Colorado State of Mind, Josh Penry, August 3, 2012

Station:      Rocky Mountain PBS, KRMA-TV, Channel 6

Show:        Colorado State of Mind

Guests:      Penry, Ritter, Romanoff


Date:         August 3, 2012

Topics:      Gun Laws, Gun Control, Gun Safety, Gun Restrictions, Mental Illness, Mental Health, Brain Disease and Defects, Columbine, Platte Canyon High School, Aurora Theater Shooting, Bill Ritter, Bill Owens, Andrew Romanoff, Bipartisanship, NRA Scorecard, Gun Lobby, False Choice, Polarizing Issues, Assault Weapon Ban, Gun Show Loophole

Click Here for Audio

Click Here for Video:  Part 1

Click Here for Video:  Part 2

Click Here for Video:  Part 3


HOST, PRESIDENT & CEO OF ROCKY MOUNTAIN PBS DOUG PRICE:  Two weeks after the deadly shooting incident, survivors in Aurora are still dealing with the aftermath in their lives. Others are in the process of analyzing how this can still happen and whether it can be prevented in the future. Initial reactions were reflexive, relying on past beliefs and understanding. To honor the survivors, we believe that it is time to be open-minded and reflective instead. In that spirit, we want to begin a conversation on what, if anything, should be done and how. It’s clear that political division marks any discussion of policy on gun control and mental health in our society. It’s also hard to ignore comparisons to other countries [Graph showing deaths by guns in various countries] and see the United States has a far greater rate of deaths from gun violence then the other 22 so-called rich nations of the world, more than three times higher than the UK Australia or Canada –our closest cultural comparisons.  In the most recent year of full data, 2009, more than 31,000 people died in this country due to firearms injury. That’s about equal to the number of traffic fatalities every year in the US. Tonight we’ll talk about it, was a group of former lawmakers from Colorado. I’m Doug Price and this is Colorado quarterly for August 2012.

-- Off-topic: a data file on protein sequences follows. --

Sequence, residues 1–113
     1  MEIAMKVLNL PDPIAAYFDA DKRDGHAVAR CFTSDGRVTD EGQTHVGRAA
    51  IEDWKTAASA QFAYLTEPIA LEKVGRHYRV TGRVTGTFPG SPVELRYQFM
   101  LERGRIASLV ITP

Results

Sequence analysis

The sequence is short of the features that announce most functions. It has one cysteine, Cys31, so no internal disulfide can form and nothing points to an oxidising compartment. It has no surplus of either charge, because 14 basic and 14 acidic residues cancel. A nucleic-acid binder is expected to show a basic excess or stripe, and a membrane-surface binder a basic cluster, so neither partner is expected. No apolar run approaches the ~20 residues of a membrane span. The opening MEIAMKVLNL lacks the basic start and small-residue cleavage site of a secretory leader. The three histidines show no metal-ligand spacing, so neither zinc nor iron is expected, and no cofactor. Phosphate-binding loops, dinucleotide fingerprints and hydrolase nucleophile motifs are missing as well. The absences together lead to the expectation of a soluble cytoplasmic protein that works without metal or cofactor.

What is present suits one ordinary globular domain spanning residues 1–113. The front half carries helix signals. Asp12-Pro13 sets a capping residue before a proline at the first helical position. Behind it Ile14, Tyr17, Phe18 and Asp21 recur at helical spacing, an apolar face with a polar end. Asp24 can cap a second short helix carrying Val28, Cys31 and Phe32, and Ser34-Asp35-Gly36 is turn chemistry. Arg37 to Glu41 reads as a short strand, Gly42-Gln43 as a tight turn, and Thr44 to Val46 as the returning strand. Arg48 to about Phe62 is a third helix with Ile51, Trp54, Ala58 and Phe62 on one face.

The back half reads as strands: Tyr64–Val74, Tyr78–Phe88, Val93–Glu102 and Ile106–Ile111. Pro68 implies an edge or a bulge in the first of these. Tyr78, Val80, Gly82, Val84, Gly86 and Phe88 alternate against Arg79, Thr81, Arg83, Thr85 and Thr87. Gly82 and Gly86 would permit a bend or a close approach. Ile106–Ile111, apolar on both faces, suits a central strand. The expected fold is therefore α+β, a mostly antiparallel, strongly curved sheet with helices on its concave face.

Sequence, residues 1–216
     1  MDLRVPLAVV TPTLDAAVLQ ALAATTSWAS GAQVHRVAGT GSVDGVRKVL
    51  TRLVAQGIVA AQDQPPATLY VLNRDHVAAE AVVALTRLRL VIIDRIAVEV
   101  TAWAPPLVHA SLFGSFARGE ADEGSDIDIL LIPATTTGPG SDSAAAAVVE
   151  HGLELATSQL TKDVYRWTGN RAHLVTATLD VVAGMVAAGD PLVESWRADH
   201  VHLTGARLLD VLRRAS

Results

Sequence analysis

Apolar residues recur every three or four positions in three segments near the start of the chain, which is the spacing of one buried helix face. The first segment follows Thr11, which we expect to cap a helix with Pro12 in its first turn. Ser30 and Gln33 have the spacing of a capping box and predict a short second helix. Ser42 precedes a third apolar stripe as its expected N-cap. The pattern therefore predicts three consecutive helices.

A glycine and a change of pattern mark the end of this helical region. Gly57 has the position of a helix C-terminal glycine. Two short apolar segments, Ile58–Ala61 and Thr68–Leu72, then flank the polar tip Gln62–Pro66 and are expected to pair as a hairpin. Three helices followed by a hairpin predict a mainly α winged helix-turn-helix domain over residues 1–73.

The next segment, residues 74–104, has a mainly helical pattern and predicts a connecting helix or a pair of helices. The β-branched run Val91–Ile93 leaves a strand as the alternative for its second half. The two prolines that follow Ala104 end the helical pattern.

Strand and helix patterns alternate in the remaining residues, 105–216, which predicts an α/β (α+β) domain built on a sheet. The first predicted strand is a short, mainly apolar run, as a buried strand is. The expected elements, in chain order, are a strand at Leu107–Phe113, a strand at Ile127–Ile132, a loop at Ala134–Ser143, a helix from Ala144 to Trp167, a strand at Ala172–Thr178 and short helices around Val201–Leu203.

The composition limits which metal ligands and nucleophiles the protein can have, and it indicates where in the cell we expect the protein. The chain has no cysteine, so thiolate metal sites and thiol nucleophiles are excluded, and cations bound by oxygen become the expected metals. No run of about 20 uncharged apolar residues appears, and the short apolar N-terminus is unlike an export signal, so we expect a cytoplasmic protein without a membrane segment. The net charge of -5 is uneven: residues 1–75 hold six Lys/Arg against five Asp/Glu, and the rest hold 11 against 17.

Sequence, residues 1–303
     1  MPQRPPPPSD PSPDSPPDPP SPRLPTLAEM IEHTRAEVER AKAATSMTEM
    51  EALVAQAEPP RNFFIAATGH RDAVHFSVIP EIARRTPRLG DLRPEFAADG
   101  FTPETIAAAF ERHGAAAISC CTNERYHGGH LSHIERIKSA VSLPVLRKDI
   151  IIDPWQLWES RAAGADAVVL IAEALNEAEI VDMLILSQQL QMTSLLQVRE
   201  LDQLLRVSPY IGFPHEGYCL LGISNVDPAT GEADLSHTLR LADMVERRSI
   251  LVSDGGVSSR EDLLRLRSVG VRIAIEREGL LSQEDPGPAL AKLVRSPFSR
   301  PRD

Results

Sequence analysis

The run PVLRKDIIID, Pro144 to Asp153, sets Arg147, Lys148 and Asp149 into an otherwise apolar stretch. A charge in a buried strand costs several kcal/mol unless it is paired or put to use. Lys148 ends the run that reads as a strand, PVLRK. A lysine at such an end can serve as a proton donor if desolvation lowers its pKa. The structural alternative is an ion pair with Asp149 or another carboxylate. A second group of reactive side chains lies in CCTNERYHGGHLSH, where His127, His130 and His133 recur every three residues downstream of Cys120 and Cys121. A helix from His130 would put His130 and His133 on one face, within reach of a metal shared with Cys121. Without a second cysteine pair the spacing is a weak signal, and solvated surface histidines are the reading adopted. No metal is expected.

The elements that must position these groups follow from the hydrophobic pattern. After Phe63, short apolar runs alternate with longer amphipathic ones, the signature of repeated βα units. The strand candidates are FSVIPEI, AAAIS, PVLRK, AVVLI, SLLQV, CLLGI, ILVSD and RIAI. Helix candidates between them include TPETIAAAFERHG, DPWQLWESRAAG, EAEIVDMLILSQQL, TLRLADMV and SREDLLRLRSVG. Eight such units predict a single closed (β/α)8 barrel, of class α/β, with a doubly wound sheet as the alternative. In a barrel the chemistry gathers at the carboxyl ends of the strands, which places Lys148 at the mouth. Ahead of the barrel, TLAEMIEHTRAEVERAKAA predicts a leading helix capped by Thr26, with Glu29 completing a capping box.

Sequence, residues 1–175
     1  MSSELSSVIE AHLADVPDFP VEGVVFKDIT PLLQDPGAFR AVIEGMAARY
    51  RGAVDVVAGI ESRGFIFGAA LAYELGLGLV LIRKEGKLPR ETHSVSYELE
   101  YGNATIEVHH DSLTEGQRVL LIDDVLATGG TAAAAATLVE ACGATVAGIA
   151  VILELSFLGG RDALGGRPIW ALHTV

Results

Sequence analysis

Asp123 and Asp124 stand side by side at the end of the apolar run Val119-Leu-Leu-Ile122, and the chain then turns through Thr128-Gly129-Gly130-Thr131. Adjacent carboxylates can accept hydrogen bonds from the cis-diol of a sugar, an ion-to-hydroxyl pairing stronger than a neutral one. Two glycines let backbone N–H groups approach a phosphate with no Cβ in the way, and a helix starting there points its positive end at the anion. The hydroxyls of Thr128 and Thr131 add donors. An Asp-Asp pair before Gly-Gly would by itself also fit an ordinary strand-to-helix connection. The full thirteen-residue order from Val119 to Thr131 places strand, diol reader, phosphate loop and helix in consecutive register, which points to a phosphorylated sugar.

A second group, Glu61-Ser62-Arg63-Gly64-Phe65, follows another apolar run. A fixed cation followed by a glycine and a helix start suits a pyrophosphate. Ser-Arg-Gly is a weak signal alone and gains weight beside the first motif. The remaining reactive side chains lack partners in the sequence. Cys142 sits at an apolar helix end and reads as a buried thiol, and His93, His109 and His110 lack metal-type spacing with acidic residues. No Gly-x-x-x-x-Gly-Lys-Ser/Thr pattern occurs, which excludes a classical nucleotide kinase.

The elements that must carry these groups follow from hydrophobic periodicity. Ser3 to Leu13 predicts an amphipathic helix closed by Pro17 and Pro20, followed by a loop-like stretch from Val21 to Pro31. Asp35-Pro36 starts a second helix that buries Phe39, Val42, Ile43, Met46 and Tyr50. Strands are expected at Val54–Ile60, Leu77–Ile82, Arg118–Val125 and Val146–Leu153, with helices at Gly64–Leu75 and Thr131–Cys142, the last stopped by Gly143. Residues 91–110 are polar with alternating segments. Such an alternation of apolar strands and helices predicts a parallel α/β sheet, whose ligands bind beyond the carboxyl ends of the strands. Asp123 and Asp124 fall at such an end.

[Introduction graphics]

PRICE:  Good evening. Tonight we welcome former Colorado Gov. Bill Ritter, a former Republican Senate Minority Leader Josh Penry, and former Democratic Speaker of the House Andrew Romanoff. Josh, let’s start with you. What is your response to the political leadership’s activity since the shooting in Aurora?

FORMER REPRESENTATIVE JOSH PENRY:    You know, at the outset I think Gov. Hickenlooper has handled himself very well. As you noted in your introductory comments, I think a lot of people went to their entrenched positions and try to leverage the situation to suit their political arguments. And I think, in stepping back from it, and just articulating the breadth and scope of the tragedy–and in cautioning against overly politicizing many of these choices and discussions, I think he did a great service to himself but also to the dialogue around it. So I think his steady hand certainly played out. And I think most people, when they see, you know, politicians hop up on their TV screen and advocate for this or against that, they sort of recoil. The sentiment is that this is a terrible tragedy, a terrible situation, and once the grieving ends, then those policy conversations can commence.